Sunday, August 24, 2008

E.L.V.I.S. Has Left the Property!

Remember ELVIS? Not only has ELVIS left the building. ELVIS has left the property. Since Friday evening, ELVIS has a new home a mile down the road in a communty arts garden where I am sure it will be put to good use. Maybe they can paint a picture of it on some black velvet ....

Sunday, August 10, 2008

Today We Reached a New Milestone

This increases the number of distractions that will affect my working on the house in any timely manner ....

Monday, August 04, 2008

One Mans Castle

On Friday and Saturday I had the fun job of hauling 500 bricks from the brick yard to the "Crack House" and getting them into the dining room. On top of that, I have already hauled about 100 of them to the third floor. Since the demise of the old van, this took three trips in the Saturn, 175 or more bricks at a time, 11 trips with a wheelbarrow from the car to the back door and 80 trips from the back door to the dining room. Since nobody raised their hands to volunteer to help me, my newest best friend is a set of brick tongs! A pallet of bricks doesn't look too overwhelming until you haul them 7 at a time with some brick tongs and realize that in order to add 6 feet of height to a chimney, you have to make 54 trips up and again down three flights of stairs and then another 54 trips up a ladder to the roof. On Friday it was 80 degrees on the first floor and 90 something on the third floor. Fourteen trips up and down the stairs was enough for me. I must not complain though. My work on this place is petty when compared to what I saw today.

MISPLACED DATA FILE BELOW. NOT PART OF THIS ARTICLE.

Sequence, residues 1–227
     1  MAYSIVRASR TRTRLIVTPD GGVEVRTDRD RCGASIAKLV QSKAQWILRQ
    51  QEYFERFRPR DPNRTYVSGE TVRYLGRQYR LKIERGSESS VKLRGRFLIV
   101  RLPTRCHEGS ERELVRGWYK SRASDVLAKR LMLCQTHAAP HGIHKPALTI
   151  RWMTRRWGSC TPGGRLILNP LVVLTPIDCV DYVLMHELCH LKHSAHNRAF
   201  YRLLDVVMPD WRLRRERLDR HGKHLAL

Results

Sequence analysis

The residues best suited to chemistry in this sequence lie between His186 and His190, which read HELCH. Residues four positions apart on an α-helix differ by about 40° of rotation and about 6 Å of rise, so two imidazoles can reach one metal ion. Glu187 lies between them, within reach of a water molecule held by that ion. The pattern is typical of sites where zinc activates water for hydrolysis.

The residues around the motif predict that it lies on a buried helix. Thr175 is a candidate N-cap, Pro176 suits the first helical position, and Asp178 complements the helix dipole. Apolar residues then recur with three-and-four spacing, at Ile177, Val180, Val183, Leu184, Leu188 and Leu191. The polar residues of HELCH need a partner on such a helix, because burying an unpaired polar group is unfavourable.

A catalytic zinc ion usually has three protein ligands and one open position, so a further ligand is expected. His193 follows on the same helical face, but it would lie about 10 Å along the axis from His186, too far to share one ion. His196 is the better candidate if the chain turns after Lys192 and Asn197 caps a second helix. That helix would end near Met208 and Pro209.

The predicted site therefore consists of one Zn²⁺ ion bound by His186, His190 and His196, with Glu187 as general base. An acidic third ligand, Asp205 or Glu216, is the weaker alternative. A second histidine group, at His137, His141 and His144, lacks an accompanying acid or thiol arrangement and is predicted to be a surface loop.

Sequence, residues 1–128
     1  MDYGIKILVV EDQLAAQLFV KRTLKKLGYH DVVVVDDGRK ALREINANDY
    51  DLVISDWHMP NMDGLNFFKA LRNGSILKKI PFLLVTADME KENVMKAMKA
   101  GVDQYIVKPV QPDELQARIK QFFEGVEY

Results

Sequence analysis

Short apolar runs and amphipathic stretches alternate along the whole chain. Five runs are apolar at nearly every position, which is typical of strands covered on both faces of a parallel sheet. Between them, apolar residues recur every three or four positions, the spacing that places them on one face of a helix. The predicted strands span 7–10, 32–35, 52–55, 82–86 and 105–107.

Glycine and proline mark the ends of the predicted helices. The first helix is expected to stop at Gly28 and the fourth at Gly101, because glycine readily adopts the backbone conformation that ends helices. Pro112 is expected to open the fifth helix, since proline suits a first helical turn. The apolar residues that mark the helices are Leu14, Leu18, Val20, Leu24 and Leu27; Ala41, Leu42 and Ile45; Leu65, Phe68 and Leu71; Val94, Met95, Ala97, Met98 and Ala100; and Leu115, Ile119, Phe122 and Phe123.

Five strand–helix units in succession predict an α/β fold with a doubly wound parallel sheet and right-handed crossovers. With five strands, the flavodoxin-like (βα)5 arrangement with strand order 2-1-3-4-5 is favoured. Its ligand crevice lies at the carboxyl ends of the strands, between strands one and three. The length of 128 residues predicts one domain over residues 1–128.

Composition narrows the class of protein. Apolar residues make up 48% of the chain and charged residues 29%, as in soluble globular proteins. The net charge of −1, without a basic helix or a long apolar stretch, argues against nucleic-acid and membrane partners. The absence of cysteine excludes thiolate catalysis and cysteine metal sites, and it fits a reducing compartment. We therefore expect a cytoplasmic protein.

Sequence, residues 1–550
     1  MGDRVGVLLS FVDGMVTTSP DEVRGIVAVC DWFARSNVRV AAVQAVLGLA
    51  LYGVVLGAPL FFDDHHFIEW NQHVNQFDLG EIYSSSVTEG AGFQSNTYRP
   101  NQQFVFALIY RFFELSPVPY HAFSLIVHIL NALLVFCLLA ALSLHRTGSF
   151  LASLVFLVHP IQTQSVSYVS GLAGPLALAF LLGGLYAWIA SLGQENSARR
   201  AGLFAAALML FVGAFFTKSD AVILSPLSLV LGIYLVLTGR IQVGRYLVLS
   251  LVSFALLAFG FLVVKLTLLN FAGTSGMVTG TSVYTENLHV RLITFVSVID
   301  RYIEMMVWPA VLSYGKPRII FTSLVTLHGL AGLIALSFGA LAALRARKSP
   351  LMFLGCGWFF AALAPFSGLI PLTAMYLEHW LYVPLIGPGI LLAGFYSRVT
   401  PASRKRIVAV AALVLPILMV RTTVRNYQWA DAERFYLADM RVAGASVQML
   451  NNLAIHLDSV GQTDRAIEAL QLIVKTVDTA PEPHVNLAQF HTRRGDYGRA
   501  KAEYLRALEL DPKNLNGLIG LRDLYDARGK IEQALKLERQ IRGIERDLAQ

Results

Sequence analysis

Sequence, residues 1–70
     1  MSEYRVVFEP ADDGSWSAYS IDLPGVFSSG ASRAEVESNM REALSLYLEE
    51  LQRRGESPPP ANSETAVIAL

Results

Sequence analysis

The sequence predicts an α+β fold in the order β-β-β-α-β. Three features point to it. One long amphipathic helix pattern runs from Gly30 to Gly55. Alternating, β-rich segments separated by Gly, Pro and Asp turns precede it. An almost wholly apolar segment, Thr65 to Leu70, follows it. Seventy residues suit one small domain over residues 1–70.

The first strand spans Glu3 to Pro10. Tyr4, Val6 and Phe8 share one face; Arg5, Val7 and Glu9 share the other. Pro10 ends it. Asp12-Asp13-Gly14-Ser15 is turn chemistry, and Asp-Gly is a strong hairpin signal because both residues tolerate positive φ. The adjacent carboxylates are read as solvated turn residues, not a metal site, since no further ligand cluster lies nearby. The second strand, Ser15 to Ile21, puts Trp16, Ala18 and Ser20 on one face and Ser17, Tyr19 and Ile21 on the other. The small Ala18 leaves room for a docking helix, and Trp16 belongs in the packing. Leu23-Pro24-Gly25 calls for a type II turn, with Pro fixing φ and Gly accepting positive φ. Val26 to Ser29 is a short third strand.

We took a road trip to Loveland, Ohio to visit "Castle Laroche" which is one of those urban legend things that read about once in a while. Deborah visited the place sometime in the late 1970s and met the man behind the legend. If you visit the web page you can read about this guy. Anyway, he started a project in 1929 that blossomed into this

It is made of 56,000 five-gallon buckets of river rock that he carried from the bank of the river below the property and thousands of concrete bricks that he made using cardboard quart milk cartons as molds. He really started to work on it full time in 1955, after he retired, and continued until his death by which time it was 98% complete. The whole thing cost him $12,000. What is so ironic is that he died in 1981 at the age of 91 from injuries related to a trash fire that he started.
So my 7 years working on the "Crack House" has nothing on this guy and unless I inherit a quarry or something similar I guess it never will!